(8) Camera: The 8830 does not have a camera. The Storm2 camera was similar in use to the Droid. The Droid impressed my with its 'tremor' limiting image acquisition and longer effective flash. The BB can handle 4GB SIM cards; the has a 16gb card soldered in place. To replace the RIM 8830/9830 SIM card
requires removing the battery (NOT convenient).
I also greatly appreciate the way Droid uses photos for contacts. When importing a photo to a contact, the phone automatically crops the face/head, but a very intuitive interface allows moving and adjusting the cropped image, to include a variety of special options (B/W, Senna, etc.)
(9) Files/Data: All RIM phones have a file explorer of some type to access files on the SIM card. Files may be loaded by simply attaching a micro-USB (Storm2) or mini-USB (8830) and opening your Windows Explorer. RIM provides a free "Blackberry Desktop Manager" for loading music, images, or software, and most RIM software can be loaded via the phone itself. The Droid has a comprehensive Android software store, similar to iPhone, and the card may be accessed via Windows Explorer provided you manually allow this from the phone each time you connect. Again, there is no "desktop manager" for Droid, nor do I believe one is necessary.
(10) Sound: Much more "natural" with higher fidelity than RIM; about the same as my iTouch. It takes a standard ear-bud headphone plug, but has a less-robust media interface for playback than iTouch. (However, I have not fully used this feature to date.)
(11) Support: This is why I've been a customer for 11 years. Verizon provides concierge Tier 1 and Tier 2 support (Tier 1 is simple user help and phone exchange at the store, Tier 2 is a phone-in helpdesk which covers the majority of common issues.) Tier 3 is provided by going to the Motorola website and filling out a simple support request. Don't use Tier 3 unless you have exhausted Tiers 1 and 2.
Motorola support for Droid was exceptional: I returned my Storm2 in exchange for a Droid. (Another Verizon perk - free exchange for 30 days, just pay the difference. In my case, I got a $20 refund!)
I imported my Outlook data to Google and all was running smoothly until I tried to SMS my spouse. The phone would not send SMS to her! In fact, the messaging service software generated an OS error.(Did my Droid know something I didn't? hehe) Tier 1 and Tier 2 worked for 90 minutes to resolve the problem, to no avail. I submitted a trouble request to Motorola and recieved a response the next day that my problem was to be elevated to the engineers. Sure enough, the following day I recieved an email asking me to reset the contact information and Factory Reset the device. They warned me that all data would be lost... but the data is actually kept on Google so this is not a problem. I deleted and reentered my wife's contact info in Google; that did NOT fix the problem. Then I did the Factory Data Reset. I reactived service and reattached/synced my Google data. This resolved the problem. Reasoning that it must be something in the contact information (odd... they appeared identical) I compared the old and new entries. Note that the first entry was an import from Outlook (I opened my CSV file to study the data); the second was hand-typed in to Google. I discovered that Outlook had added a "@" to her phone number (i.e., "888-555-1234@"). This made the SMS phone number into an improperly formatted email address! I mentioned this finding in my response to Motorola; they responded that Yes, this could have caused the phone to freeze. (Wouldn't surprise me if they write something into their next OS software patch.)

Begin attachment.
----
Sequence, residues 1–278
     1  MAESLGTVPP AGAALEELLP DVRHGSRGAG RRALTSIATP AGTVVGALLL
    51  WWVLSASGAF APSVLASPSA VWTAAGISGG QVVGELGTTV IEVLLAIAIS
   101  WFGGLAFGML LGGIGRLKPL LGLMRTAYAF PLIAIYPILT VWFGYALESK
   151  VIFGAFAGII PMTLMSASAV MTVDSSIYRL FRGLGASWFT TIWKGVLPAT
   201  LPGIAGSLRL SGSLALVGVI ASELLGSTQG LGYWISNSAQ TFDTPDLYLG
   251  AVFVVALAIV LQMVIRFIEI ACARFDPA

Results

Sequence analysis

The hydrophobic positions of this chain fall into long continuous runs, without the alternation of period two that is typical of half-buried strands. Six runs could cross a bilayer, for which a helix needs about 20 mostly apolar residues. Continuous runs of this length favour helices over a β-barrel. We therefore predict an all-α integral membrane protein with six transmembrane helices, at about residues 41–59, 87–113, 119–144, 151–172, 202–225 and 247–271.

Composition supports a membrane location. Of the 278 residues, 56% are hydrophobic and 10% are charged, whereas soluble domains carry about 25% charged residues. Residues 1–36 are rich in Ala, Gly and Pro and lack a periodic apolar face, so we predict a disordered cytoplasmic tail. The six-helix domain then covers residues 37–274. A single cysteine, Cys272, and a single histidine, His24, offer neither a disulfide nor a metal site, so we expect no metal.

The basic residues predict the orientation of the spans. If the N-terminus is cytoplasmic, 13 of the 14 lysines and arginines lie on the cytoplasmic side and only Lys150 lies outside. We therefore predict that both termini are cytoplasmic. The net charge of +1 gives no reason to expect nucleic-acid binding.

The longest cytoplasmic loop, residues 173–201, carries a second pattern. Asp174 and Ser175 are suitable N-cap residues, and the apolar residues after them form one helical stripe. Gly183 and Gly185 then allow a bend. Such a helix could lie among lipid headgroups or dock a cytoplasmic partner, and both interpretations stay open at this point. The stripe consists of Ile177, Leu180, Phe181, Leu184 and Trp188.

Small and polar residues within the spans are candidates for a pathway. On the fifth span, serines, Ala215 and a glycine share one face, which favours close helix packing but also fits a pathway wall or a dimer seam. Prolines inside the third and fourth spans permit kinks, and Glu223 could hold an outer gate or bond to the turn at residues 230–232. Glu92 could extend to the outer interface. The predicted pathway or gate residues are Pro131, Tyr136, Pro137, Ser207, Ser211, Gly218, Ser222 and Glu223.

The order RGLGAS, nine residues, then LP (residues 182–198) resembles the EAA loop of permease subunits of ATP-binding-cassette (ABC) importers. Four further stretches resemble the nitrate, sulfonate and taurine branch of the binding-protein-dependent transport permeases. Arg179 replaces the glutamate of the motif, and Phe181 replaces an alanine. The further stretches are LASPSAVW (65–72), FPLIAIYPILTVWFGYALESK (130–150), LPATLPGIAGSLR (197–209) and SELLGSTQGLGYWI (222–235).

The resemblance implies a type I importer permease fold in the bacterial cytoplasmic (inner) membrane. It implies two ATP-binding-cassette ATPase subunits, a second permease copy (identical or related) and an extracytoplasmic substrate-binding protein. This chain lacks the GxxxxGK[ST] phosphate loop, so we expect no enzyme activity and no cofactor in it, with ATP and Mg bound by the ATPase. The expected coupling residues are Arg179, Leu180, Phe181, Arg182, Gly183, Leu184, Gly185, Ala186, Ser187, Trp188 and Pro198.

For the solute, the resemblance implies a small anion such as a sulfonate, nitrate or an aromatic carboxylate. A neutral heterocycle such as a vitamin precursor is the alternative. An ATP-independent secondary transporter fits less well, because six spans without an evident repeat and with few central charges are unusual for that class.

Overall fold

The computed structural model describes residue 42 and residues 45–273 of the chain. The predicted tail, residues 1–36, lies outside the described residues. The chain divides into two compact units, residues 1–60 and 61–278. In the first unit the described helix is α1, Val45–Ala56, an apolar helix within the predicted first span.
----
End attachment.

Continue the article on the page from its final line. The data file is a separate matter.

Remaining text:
(12) Sturdiness: I'm really hard on phones, so I bought the "BodyGlove" product for the Droid. So far I haven't broken it, but a word to the reader: Do NOT expect to easily attach and remove this casing! Once in place, it is not easily removed without marring the phone casing. Be sure to add the static-cling mylar cover, as the phone's crystal screen scratches quite easily (as do all phones).
In summary, the Droid has a more intuitive interface which is as easy to use as iTouch, is far faster at browsing, and allows for easier SMS texting than the new Storm2 or 9830. It's array of software add-ons can compete with iPhone. (In fact, the SDK to write your own is free!) Support from Verizon and Motorola exceeded my expectations.